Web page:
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I have assembly A that depends (statically) on type T (reference type, a class) in assembly B.

I do not own assembly A but I do own assembly B. T unfortunately is a real type (not an interface) but luckily A uses reflection to discover its members.

I want to be able to create dynamically B (and T). The only important item is that I need to be sure that the "B and T" dynamically created (not their members) are "equivalent" tho those that were statically compiled when A was compiled.

  1. I can use reflection Emit to create B and T. No problem.
  2. I can write B.dll to disk
  3. If A was compiled against this B.dll then I can dynamically change T, no problem
  4. However if A was compiled against a equivalent (hand written B and T) then the T' in A would have the same assembly name and type name but it would not be considered equal to the one dynamically created.

I assume that the reason is the GUID property on the type. When I write B.dll to disk the T type has the same GUID than the one I can create dynamically (even if I change its members). However the "otherwise equivalent" hand-written type does not share the same GUID.

In summary the GUID is the same if the dll comes from the dynamically created but is different from the one statically created. The GUID is the same every time (even if I recompile). The GUID is the same if I change the content of the dynamic Type.

How does the runtime determine if two types are the same? How is this GUID created? It uses this GUID and/or something else? Is it possible to assign this GUID in my dimamic assembly to match the one in assembly A?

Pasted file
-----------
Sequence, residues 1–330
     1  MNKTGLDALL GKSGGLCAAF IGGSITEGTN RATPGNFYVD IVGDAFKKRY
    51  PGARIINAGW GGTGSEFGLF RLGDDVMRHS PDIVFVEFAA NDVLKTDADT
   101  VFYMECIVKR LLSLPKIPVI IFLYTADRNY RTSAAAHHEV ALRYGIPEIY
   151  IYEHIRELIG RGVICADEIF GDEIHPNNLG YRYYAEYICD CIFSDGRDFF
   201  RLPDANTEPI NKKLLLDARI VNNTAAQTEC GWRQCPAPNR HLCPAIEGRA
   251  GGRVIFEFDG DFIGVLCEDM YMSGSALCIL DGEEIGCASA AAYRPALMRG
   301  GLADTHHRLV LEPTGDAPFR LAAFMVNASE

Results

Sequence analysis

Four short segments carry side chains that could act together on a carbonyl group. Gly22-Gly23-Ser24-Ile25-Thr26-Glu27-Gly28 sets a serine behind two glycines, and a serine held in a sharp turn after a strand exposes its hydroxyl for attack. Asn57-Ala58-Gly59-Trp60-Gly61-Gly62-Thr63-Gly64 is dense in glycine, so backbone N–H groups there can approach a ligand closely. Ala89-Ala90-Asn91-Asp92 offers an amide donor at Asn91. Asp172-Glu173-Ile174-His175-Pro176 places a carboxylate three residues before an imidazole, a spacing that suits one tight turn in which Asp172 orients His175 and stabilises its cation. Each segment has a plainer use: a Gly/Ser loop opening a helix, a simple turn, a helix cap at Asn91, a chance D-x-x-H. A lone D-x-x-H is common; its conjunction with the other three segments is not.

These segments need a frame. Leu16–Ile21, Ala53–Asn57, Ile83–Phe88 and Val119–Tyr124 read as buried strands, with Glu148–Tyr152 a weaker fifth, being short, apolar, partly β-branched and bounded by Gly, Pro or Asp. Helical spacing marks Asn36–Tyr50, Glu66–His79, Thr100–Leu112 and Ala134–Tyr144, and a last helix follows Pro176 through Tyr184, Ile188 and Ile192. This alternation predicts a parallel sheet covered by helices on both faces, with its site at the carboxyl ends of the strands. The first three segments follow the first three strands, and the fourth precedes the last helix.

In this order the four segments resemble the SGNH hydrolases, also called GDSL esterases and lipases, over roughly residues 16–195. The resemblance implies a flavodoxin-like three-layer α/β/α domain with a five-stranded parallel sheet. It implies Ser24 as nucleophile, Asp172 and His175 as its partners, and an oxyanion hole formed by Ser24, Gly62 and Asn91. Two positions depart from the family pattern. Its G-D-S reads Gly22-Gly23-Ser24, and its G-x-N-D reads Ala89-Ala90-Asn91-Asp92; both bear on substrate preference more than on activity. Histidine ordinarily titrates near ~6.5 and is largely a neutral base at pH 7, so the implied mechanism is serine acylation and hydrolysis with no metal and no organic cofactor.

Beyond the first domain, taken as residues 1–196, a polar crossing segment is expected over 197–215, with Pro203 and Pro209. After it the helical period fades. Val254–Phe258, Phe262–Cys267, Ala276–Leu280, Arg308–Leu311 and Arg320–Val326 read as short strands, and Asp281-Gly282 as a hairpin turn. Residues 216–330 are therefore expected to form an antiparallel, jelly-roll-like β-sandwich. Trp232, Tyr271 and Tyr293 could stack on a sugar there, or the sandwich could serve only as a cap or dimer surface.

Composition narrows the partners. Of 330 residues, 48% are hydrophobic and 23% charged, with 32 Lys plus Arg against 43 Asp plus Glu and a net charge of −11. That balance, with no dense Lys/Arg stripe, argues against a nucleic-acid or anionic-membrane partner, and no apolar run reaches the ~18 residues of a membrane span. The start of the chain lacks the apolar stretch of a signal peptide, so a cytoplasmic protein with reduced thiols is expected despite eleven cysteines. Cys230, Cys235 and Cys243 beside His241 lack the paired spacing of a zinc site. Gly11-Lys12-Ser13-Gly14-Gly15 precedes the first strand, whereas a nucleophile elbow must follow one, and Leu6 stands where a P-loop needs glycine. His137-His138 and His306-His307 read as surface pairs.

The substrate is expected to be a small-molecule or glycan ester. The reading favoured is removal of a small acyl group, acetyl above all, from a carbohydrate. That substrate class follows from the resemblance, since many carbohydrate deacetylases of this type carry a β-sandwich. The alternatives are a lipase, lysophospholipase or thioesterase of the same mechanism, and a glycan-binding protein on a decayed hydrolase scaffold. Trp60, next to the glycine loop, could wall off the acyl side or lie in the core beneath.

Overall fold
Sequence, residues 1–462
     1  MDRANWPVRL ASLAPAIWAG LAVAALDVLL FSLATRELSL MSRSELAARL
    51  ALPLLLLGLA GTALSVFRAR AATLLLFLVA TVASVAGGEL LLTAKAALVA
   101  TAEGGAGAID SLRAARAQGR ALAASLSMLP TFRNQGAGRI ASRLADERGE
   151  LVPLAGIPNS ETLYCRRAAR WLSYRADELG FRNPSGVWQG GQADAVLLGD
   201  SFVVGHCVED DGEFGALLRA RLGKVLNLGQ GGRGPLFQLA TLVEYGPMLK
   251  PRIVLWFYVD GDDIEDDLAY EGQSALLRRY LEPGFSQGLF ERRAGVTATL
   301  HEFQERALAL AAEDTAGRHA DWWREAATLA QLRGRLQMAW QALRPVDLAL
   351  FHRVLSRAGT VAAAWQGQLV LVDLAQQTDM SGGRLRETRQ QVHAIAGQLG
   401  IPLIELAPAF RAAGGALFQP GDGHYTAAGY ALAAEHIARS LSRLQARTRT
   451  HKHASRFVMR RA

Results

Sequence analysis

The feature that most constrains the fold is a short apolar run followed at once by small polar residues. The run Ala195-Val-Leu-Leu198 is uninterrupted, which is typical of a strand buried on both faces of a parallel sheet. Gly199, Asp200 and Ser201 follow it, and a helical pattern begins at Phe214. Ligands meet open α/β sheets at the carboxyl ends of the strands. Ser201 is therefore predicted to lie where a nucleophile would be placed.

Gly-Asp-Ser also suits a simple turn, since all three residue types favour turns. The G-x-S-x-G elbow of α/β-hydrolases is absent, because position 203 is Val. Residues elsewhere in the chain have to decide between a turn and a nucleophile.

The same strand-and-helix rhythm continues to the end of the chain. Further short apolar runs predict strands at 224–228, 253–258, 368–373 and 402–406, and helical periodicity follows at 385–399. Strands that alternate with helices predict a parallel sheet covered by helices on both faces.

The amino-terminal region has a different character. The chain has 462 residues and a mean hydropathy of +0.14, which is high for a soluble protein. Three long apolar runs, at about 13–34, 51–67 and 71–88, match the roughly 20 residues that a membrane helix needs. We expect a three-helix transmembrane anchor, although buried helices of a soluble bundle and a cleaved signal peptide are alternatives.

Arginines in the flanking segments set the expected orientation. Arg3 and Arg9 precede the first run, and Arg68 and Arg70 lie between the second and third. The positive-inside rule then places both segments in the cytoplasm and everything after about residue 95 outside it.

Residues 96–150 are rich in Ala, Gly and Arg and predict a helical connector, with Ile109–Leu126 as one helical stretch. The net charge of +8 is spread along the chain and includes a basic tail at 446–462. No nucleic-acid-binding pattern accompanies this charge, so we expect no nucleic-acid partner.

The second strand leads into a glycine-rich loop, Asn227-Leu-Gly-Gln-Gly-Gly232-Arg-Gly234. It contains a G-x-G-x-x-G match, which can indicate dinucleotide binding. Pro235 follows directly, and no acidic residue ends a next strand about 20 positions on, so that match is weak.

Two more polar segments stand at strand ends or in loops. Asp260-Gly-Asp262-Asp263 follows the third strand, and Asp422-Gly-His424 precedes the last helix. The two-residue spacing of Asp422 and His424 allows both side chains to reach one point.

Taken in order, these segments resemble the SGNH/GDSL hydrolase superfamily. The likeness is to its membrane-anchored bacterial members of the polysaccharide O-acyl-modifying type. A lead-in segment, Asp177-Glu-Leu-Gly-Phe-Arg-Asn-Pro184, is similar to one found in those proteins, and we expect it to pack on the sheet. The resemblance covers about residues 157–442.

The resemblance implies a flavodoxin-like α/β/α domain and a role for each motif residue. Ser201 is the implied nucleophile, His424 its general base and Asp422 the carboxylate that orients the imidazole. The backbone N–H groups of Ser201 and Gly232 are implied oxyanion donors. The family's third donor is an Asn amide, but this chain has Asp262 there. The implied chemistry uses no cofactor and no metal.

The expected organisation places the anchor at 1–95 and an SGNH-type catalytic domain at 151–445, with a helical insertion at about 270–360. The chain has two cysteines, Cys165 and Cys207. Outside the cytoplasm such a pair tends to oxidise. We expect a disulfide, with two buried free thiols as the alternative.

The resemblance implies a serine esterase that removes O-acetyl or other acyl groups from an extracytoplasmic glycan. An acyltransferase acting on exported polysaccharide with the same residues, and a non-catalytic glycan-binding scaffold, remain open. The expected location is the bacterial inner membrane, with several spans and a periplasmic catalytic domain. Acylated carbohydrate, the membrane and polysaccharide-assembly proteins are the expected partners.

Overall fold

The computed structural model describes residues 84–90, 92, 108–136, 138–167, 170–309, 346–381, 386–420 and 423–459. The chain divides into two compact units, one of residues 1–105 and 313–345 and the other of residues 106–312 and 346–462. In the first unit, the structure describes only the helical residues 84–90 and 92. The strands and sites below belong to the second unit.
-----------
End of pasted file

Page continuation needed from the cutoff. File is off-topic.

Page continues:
Can this GUID be examined statically (I was not able to see it with Reflector or ildasm).

NOTE: Assume assemblies are not signed.

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1 Answer 1

up vote 3 down vote accepted

The .NET runtime uses the assembly name, version, strong name (if present), and in some cases the culture to locate referenced assemblies. If an assembly A references another assembly B it is possible to replace B with another assembly if the mentioned properties are exactly the same. If B has a strong name you can only create another assembly with the same strong name if you own the key file that was used to sign the assembly.

AFAIK, the Type.GUID property is only used when your types are registered for COM use. It works with the GuidAttribute class. Hence, Type.GUID has nothing to do with the "identity" of a type.

You can read more about how the runtime locates assemblies here: http://msdn.microsoft.com/en-us/library/yx7xezcf.aspx

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